The City Magazine Since 1975

The Doctors Are In

The Doctors Are In
April 2018

Barrier Islands Free Medical Clinic offers top-notch care to those in need

(Left) A longtime local physician, Dr. Richard Ulmer has been Barrier Islands Free Medical Clinic’s medical director since 2013. (Right) Volunteer nurse practitioner Patricia McCallister

After 35 years practicing private internal medicine, no one would blame Dr. James Hayes if he opted to spend his retirement traveling and relaxing. Yet nearly every Tuesday for eight years, he’s seen patients at the Barrier Islands Free Medical Clinic on John’s Island.

Dreamed up in 2006 by two Atlanta physicians, Drs. Arthur Booth and Charlie Davis, who retired to Kiawah and Seabrook islands, the clinic offers free health care to uninsured adults who make at or below 200 percent of the Federal Poverty Level and live or work on James, John’s, and Wadmalaw islands. Until the clinic opened in 2008, its patients relied on the emergency room for health care, racking up bills and missing out on the continuous care of a family practice office.

Barrier Islands Free Medical Clinic’s new facility

Apart from being free to patients, there’s nothing “budget” about the medical attention offered by the clinic. In addition to staff, including medical director Dr. Richard Ulmer, 122 volunteer doctors, nurses, and office workers see 350 patients each month. “I can offer my patients here the same level of care that I did in my own practice,” says Hayes, who serves as the chair of the clinic’s board of directors.

The clinic also offers appointments with specialty physicians such as a dermatologist, cardiologist, and gynecologist and refers patients as needed to 19 private practices for free. That’s in addition to agreements with Roper St. Francis for labs and imaging.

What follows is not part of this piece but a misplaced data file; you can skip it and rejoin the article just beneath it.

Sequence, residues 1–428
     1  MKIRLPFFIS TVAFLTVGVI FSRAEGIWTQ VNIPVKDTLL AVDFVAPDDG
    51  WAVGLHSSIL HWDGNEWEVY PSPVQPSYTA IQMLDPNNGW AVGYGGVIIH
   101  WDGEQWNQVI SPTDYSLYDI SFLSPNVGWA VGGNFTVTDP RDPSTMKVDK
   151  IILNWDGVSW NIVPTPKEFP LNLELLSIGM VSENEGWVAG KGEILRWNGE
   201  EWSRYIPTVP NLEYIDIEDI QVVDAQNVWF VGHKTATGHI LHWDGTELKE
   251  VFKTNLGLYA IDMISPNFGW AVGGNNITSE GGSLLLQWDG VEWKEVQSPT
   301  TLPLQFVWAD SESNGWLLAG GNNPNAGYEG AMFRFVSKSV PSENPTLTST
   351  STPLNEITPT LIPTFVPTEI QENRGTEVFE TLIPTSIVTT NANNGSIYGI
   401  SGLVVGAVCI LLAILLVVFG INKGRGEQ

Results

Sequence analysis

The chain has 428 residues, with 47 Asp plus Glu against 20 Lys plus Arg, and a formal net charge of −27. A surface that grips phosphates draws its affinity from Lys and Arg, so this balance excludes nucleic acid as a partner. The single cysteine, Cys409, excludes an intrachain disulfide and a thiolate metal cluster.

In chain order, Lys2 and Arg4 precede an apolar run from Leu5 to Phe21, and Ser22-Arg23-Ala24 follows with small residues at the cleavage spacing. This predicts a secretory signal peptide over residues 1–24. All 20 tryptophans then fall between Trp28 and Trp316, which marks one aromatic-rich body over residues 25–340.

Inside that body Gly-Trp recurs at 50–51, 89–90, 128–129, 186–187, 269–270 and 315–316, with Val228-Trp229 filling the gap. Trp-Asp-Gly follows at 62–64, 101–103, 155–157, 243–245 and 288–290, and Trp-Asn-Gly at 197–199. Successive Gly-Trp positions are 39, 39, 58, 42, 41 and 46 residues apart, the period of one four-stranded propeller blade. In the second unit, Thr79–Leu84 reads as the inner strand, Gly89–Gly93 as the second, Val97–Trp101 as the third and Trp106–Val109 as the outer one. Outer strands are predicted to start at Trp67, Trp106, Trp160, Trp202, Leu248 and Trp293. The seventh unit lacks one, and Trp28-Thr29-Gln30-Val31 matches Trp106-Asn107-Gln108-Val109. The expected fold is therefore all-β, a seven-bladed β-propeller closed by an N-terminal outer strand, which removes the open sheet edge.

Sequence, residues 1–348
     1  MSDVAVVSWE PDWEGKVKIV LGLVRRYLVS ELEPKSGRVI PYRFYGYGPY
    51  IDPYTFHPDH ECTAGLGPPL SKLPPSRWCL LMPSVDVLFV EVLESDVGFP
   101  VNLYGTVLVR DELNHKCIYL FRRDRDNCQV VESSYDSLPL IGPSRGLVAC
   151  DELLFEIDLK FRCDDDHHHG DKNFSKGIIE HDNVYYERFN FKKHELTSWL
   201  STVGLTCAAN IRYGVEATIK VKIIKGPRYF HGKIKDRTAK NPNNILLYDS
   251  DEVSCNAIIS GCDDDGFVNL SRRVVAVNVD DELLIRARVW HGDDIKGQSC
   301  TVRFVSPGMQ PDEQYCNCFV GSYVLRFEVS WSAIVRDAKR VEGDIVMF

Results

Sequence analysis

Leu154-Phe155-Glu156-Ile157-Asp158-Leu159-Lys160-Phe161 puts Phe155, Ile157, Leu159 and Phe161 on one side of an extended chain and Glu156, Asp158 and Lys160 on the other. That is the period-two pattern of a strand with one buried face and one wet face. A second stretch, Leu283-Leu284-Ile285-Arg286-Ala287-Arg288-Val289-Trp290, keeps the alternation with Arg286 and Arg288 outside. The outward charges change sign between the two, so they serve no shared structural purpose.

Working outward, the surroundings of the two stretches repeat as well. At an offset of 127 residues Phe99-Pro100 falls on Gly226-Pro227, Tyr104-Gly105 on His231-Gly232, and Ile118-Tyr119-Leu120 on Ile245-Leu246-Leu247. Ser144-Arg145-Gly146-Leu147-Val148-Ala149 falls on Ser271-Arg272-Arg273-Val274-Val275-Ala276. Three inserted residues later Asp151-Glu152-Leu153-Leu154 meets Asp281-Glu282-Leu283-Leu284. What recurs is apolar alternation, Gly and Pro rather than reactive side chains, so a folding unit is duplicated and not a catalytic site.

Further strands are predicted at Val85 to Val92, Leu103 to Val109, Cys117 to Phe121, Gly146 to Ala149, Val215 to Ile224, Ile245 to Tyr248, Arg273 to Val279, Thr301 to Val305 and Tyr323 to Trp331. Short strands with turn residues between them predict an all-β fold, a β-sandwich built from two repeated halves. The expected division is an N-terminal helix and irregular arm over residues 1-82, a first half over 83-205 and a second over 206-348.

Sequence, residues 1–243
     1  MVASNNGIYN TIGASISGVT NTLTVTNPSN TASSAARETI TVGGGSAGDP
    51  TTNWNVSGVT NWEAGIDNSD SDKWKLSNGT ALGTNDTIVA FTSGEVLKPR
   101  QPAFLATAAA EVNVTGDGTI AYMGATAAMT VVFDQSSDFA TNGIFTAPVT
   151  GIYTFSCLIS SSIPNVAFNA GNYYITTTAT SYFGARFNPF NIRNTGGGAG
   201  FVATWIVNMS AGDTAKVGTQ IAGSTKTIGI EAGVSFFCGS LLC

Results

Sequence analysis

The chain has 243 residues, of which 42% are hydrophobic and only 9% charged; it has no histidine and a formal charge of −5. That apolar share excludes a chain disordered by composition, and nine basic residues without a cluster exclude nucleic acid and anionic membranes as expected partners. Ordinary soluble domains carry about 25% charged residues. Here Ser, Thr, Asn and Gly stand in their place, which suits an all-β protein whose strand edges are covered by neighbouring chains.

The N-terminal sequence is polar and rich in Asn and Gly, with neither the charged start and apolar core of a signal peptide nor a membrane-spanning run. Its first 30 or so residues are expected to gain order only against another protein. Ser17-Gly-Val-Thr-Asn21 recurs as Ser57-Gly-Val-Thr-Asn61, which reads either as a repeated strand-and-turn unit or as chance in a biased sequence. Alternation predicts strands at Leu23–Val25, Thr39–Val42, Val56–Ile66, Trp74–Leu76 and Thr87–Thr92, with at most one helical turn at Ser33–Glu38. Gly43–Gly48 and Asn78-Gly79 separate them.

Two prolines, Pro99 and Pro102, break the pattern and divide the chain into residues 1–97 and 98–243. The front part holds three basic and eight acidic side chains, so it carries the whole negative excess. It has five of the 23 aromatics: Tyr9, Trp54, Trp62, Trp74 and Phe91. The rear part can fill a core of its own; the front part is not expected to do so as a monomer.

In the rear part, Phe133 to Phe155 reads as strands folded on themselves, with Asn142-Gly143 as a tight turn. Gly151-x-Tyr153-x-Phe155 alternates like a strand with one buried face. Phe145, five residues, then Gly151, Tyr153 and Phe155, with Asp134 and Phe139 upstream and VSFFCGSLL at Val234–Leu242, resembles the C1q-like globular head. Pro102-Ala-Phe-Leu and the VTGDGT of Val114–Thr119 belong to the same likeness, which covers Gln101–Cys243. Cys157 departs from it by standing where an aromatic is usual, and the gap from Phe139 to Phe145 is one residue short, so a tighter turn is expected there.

The Barrier Islands Free Medical Clinic Golf Invitational is Monday, May 7, at The Country Club of Charleston. Find details and register ($500 per player) at

And thanks to an expanded facility that celebrates its grand opening this month, the number of patients the clinic can serve has dramatically increased. “We were somewhat restricted by the size of the previous clinic, but we never turned patients away,” says Hayes, adding that the new facility will allow more than 6,000 patient visits each year. The result of a yearlong fundraising campaign and careful planning, it includes seven examination rooms, a procedural room for minor surgeries, and a lab.

Most importantly, the people it serves won’t have to decide between their health and severe financial hardship. “Patients have fallen through the cracks for far too long,” says Hayes. “Fortunately, there’s always going to be a place for them to go.”